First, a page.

According to Hort, Governor FitzRoy had also promised him a grant of land for a synagogue. This seems most unlikely in view of FitzRoy's previous experience. Shortland may have assumed FitzRoy's assent, but it is very doubtful if it was ever given. This also appeared to be the Government's view. When Lord Stanley, the Colonial Secretary, refused Hort's memorial in November, 1843, Hort stubbornly persisted in a campaign which continued for over fifteen years to have FitzRoy's promise fulfilled. As late as 24 December, 1857, I. E. Featherston, Superintendent for Wellington, transferred to E. W. Stafford, Colonial Secretary at Auckland, an application from certain members of the Hebrew Congregation at Wellington for a "reserve" promised by Governor FitzRoy as the site for a synagogue. On 22 February, 1858, Stafford replied that the promise had been made without the authority of the law but that a Bill would be proposed in the next session of the General Assembly to enable the Government to fulfil this and similar equitable arrangements made on behalf of the Crown. The Bill, however, was not introduced. A year later, Hort again applied through the same channels for the promise to be honoured, but Stafford asked for certified copies of any documents containing such a promise to be exhibited. They could not be produced. The struggle then waned.
Hort, although always sanguine in the belief that a grant of land would page 62 eventually be made officially by the Government for the building of a synagogue, did not tarry on his own behalf to arrange a house of worship for Jewish prayer. After living colonial-fashion in a one-roomed house, he bought a half-acre plot in Abel Smith Street, and there built himself a home described as one of the finest in Wellington. He did not build on the acre of land at Cambridge Terrace which he had bought in London. In his new home he made special provision to fit out one of the larger rooms as a synagogue together with a gallery in order to seat the ladies.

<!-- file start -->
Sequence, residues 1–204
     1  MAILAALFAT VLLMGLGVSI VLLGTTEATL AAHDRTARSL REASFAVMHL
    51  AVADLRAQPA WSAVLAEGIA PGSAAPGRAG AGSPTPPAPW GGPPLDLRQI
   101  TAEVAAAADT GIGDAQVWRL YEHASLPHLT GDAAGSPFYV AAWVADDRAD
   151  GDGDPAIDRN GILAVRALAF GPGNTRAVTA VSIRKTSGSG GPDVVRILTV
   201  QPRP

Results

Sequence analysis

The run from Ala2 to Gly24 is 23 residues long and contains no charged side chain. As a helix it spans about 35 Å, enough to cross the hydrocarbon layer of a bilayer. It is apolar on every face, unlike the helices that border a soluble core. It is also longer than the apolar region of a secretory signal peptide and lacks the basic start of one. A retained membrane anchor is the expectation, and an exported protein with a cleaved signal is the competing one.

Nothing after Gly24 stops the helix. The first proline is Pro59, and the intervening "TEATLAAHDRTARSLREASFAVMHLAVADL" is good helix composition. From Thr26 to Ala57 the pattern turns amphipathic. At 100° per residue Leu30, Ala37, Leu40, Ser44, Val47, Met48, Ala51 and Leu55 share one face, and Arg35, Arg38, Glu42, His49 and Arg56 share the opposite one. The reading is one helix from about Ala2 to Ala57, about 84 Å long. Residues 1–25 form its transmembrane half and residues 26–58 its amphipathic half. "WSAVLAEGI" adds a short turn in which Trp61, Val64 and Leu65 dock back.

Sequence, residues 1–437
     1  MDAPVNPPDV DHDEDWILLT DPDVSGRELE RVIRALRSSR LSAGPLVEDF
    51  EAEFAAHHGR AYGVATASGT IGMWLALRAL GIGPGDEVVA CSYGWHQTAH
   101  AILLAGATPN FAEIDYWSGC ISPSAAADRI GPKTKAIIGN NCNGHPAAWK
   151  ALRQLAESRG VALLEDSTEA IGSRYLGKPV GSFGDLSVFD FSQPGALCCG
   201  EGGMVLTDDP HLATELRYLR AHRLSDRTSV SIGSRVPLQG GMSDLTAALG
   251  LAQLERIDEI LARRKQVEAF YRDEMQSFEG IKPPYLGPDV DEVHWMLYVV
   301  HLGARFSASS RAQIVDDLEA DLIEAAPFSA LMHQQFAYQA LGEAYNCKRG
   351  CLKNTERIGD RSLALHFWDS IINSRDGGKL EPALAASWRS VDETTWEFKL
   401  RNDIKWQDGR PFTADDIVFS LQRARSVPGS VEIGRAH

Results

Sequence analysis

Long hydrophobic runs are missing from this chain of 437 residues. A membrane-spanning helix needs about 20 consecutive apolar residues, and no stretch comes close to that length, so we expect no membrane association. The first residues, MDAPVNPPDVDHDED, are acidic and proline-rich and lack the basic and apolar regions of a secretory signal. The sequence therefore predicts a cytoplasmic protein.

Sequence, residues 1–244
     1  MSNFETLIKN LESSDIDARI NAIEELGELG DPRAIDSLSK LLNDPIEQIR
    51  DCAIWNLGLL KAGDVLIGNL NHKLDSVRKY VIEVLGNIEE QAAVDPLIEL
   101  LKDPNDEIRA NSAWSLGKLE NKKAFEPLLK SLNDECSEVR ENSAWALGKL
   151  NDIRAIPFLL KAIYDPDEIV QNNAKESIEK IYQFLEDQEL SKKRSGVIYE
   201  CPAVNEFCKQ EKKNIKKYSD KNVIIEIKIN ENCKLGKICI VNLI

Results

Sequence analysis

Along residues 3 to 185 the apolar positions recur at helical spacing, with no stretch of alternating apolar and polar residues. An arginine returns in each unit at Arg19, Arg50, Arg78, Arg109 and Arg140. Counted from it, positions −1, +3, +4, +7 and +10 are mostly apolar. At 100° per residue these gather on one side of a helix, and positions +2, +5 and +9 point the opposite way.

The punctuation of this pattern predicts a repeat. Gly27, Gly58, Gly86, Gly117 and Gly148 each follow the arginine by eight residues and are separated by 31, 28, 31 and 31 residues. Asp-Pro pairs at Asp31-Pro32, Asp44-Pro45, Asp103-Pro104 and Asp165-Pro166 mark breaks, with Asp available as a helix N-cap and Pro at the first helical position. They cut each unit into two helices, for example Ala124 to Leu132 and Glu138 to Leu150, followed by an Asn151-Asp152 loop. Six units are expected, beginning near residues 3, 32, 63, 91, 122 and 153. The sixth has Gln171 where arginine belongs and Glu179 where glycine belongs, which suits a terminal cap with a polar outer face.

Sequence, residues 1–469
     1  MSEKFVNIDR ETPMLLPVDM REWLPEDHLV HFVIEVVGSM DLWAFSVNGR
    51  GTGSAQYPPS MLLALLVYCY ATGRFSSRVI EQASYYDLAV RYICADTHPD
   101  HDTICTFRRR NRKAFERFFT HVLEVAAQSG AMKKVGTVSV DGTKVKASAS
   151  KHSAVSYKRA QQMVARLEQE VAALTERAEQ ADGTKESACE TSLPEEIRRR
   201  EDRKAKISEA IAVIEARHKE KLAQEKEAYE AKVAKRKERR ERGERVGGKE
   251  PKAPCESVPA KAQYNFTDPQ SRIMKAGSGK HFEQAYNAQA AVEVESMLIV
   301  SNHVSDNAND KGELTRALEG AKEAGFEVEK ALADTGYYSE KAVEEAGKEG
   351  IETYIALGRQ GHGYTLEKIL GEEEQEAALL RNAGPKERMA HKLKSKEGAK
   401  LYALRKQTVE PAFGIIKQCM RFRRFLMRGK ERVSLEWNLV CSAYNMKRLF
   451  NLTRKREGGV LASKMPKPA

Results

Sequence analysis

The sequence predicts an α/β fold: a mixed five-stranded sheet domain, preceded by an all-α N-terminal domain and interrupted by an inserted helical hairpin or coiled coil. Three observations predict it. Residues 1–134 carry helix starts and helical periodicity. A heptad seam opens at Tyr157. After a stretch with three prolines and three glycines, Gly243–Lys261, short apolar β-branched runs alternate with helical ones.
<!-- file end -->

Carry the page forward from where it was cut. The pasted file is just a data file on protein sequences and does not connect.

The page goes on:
Besides acting as the lay leader of the small Jewish community, Hort also served as the lay minister. He arranged for a Minyan to be present as in a proper Kehilah at the first Brith celebrated in Wellington on 17 June, 1843, for the infant son of Benjamin and Esther Levy. Hort considered David Isaacs a first-class Mohel, and took pride in the honour presented to him to act as Sandek. The community rejoiced with him when he acted as officiating minister at the marriage of his second daughter, Jessie, to Nathaniel Levin on 31 July, 1844. At the first Pentecostal services at which he ministered as Reader, he noted with deep regret that some of the members of the community would not close their places of business for the second day of the Festival. He preached his sermon to such effect that two congregants henceforth closed their businesses on the Sabbath. He desired to conduct the community on orthodox lines, and although he hoped all would work for its welfare, he foresaw "a struggle between the 'liberals' and the 'Tories'".